To that end, a proposal needs to show how your work fits into what is already known about the topic and what new contribution your work will make.
Specify the question that your research will answer, establish why it is a significant question, show how you are going to answer the question, and indicate what you expect we will learn. The proposal should situate the work in the literature, it should show why this is an if not the most important question to answer in the field, and convince your committee the skeptical readers that they are that your approach will in fact result in an answer to the question.
Theses which address research questions that can be answered by making plan-able observations and applying hypothesis testing or model selection techniques are preferred and perhaps the easiest to write. Because they address well-bounded topics, they can be very tight, but they do require more planning on the front end.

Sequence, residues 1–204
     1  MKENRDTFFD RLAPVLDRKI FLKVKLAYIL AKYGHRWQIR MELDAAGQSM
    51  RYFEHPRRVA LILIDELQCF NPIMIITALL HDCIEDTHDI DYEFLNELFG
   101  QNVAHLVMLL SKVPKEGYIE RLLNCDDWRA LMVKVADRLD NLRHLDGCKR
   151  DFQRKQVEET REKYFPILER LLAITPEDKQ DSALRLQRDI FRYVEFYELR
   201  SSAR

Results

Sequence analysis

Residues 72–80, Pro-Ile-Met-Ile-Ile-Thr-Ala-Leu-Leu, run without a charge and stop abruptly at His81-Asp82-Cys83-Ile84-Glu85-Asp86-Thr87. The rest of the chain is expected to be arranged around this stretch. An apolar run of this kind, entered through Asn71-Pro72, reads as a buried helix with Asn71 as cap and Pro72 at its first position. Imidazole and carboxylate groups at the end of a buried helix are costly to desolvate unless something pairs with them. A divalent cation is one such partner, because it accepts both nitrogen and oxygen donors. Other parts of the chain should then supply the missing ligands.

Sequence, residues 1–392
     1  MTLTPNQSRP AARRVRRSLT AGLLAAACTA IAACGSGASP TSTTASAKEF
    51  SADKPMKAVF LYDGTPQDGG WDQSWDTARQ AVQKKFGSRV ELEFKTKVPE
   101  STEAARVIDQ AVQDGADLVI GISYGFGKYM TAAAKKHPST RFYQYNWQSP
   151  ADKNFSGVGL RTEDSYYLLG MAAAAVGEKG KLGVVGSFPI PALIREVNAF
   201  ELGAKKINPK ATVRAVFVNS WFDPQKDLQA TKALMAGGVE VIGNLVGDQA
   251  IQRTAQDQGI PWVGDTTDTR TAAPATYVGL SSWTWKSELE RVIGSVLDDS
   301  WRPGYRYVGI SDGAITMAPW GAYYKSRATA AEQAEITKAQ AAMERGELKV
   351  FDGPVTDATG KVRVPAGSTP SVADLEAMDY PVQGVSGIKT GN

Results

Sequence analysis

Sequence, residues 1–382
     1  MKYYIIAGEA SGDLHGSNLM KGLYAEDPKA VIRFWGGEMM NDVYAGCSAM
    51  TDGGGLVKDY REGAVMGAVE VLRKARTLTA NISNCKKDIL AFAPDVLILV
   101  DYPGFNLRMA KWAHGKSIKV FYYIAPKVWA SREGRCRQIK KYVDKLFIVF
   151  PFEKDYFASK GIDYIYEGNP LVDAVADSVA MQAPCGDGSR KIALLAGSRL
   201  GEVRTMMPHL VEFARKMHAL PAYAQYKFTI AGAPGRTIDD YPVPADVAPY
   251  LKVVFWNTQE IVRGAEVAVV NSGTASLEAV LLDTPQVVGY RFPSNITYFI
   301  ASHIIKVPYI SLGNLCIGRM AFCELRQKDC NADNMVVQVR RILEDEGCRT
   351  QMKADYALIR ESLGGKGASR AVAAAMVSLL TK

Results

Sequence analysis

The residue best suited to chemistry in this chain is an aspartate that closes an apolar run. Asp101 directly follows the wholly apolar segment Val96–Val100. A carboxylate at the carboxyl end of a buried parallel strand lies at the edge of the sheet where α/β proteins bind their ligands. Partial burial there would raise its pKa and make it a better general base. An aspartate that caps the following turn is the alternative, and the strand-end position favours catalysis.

Theses which are largely based on synthesis of observations, rumination, speculation, and opinion formation are harder to write, and usually not as convincing, often because they address questions which are not well-bounded and essentially unanswerable. One 'old saw' about research in the social sciences is that the finding is always: Try to avoid such insight-less findings; finding "who do and who don't" is better.
One problem with this type of project is that it is often impossible to tell when you are "done". Another problem is that the nature of argument for a position rather than the reasoned rejection of alternatives to it encourages shepherding a favored notion rather than converging more directly toward a truth.
See Chamberlain's and Platt's articles. A good proposal helps one see and avoid these problems. Literature review-based theses involve collection of information from the literature, distillation of it, and coming up with new insight on an issue. One problem with this type of research is that you might find the perfect succinct answer to your question on the night before or after you turn in the final draft in someone else's work. This certainly can knock the wind out of your sails.